5 Ways to Understand Biden’s $6.4 Trillion Tax-and-Spend Agenda

President Joe Biden released three enormous spending plans within three months of taking office. These packages, each of which contain dozens of major provisions, should not be considered in isolation.

While focus is currently on the so-called infrastructure and family plans, it’s important to keep in mind the flawed “COVID-19 relief” bill that Biden already signed in March.

Combining the spending and tax credits in the three packages yields a mind-boggling number: $6.4 trillion.

Such an enormous sum is difficult to grasp. A million is already a big number, and 1 trillion is a million multiplied by a million.

Yet there are ways to break down and compare that enormous sum to better appreciate its size and scope, along with why the two plans that haven’t passed yet should be put on hold.

1. $50,000 Cost per Household

Per the recently completed 2020 census, there are 128.5 million households in the U.S. If we spread the cost of the $6.4 trillion agenda across each household, the numbers are substantial in relation to a typical family budget.

The Biden agenda is layered on top of existing federal spending that is already too high, which makes the cost of $49,825 per household so worrying. That is about 80% of the average household income. 

Of that amount, about two-thirds ($33,087 per household) would be covered by tax hikes, and one-third ($16,738 per household) would be added to the national debt.

Biden and his allies attempt to bypass the heavy cost by claiming that increasing taxes on businesses and high-income households won’t affect working families. This is wrong.

If the government increases the cost of doing business by raising taxes, businesses pass those costs along by lowering wages for workers, increasing prices for consumers, and lowering the returns in retirement accounts.

The 2017 Tax Cuts and Jobs Act, which lowered personal income taxes across all income levels and made corporate taxes competitive, was followed by strong wage gains and low unemployment prior to the pandemic.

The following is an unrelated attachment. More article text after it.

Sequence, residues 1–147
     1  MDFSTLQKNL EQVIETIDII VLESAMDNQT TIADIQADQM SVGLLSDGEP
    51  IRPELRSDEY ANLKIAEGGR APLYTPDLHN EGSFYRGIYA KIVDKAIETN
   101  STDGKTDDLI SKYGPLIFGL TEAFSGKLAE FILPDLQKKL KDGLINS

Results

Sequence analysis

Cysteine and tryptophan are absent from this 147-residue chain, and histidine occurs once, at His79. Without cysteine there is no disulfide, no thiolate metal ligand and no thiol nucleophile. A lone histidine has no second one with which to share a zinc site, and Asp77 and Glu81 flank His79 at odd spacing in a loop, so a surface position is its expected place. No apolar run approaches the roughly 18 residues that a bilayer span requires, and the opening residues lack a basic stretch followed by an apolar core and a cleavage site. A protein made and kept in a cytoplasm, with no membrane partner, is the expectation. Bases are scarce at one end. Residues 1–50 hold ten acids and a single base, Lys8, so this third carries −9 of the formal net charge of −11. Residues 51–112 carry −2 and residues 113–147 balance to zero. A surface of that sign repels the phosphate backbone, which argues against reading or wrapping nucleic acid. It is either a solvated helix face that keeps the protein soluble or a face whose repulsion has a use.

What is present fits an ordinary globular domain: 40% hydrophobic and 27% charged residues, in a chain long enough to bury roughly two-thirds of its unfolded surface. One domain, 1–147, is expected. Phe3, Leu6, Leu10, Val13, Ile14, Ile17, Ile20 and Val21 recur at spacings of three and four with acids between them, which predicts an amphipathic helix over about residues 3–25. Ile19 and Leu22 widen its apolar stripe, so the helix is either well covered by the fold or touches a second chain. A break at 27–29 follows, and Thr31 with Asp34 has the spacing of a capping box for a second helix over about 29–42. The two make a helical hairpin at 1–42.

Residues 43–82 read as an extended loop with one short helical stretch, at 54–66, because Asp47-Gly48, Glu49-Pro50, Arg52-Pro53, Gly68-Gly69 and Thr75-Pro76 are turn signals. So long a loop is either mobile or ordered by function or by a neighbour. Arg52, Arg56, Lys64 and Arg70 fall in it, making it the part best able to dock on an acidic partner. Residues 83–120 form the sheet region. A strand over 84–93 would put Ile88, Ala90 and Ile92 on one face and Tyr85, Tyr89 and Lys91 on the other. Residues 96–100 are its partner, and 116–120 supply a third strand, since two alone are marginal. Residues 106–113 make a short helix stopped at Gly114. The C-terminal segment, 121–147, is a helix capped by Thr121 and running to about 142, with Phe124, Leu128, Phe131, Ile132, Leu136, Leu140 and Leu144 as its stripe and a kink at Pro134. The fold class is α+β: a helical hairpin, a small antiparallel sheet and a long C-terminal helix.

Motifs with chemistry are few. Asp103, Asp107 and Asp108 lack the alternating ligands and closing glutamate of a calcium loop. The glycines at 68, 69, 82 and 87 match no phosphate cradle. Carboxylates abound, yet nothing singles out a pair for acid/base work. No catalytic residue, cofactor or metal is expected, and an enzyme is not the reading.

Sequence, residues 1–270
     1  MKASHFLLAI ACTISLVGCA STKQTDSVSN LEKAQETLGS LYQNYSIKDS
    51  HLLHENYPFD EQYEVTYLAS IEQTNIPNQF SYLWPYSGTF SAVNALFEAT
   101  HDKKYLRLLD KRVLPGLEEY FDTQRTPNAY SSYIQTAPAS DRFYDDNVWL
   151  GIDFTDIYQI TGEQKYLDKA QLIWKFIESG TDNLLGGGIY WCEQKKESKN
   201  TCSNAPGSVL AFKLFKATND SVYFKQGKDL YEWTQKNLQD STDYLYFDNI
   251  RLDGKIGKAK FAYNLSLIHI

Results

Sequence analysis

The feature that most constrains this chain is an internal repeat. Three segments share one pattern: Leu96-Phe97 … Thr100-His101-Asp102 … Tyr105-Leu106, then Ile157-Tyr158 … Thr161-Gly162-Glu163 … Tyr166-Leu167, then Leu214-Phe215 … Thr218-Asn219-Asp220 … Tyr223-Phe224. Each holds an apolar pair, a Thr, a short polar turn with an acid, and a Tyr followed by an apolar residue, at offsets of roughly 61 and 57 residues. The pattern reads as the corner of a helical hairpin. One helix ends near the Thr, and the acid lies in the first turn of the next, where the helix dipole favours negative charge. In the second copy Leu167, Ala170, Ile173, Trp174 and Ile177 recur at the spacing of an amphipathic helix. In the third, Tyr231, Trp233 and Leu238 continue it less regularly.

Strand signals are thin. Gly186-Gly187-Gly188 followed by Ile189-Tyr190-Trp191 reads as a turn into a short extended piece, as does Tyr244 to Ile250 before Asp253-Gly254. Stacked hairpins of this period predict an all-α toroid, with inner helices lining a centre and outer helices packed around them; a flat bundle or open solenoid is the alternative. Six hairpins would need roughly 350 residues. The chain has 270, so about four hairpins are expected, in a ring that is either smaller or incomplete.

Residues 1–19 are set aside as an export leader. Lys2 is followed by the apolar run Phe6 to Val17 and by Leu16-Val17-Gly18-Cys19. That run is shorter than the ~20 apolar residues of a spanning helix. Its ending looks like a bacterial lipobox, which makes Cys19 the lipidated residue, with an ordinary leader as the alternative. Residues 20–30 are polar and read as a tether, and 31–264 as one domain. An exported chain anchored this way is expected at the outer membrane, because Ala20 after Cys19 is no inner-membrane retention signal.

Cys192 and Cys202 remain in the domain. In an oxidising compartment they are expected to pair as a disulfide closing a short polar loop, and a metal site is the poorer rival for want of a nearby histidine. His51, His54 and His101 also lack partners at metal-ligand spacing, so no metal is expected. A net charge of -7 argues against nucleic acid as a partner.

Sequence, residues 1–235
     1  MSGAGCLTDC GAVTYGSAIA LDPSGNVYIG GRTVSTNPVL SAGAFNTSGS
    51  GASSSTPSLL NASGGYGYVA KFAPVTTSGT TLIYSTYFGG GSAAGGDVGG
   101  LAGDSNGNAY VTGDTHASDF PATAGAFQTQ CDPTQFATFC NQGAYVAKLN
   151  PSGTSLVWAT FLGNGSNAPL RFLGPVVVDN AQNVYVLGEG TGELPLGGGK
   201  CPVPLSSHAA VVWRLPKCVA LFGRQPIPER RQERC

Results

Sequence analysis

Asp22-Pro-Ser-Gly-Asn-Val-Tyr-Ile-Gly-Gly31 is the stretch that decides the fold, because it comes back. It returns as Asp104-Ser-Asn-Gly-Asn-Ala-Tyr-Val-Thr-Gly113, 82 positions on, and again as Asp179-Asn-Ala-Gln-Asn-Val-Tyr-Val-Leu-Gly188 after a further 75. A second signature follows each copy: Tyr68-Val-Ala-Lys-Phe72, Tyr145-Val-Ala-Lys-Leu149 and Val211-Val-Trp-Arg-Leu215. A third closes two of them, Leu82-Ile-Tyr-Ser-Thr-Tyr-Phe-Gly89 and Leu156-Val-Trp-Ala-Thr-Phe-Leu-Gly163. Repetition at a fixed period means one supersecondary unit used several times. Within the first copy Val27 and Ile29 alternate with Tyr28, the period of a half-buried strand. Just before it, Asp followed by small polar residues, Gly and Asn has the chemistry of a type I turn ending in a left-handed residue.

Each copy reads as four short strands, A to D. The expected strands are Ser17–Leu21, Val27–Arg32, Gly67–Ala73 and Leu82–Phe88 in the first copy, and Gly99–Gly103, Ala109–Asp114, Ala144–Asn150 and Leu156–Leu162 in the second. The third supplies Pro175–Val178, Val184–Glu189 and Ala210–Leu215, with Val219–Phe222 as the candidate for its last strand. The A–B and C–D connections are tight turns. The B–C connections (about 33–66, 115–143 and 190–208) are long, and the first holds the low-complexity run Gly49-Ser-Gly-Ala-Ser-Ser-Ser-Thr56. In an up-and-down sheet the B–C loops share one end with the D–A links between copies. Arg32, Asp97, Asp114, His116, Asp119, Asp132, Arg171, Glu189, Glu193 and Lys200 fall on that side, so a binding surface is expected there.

Reversing the tax cuts would have the opposite effect: reducing wage growth and limiting the number of jobs.

The national debt already stands at $28.4 trillion, or $219,000 per household. Recklessly adding to the debt would only compound our national risk.

The nearly $50,000 in additional government spending per household represents even more bureaucratic waste and more politicians’ control over peoples’ lives.

2. A 203-Year Spending Spree

If you were told to spend $1,000 per minute for an entire day, that would be tricky, especially without taking the shortcut of buying large quantities of one thing. If you were told to spend $1,000 per second for an entire day, that would be even harder to accomplish.

To reach $6.4 trillion, you would need to spend $1,000 per second—without stopping—for 203 years.

Alternately, reaching $6.4 trillion in 10 years (which is the Biden agenda timeframe) would require spending about $20,300 per second for the entire decade, on top of existing spending.

3. Combined Economic Output of 23 States

Americans are famously hardworking, averaging 1,779 hours in labor per worker per year. Any given state’s economy requires all those hours from all of its workers to yield its annual economic output.

It would take the combined economies of 23 mid-sized states (based on economic output), representing a population of 112 million people, to produce $6.4 trillion.

Given the incredible amount of work that many people do over an entire year, lawmakers should be humbler and more restrained when it comes to spending the fruits of that labor.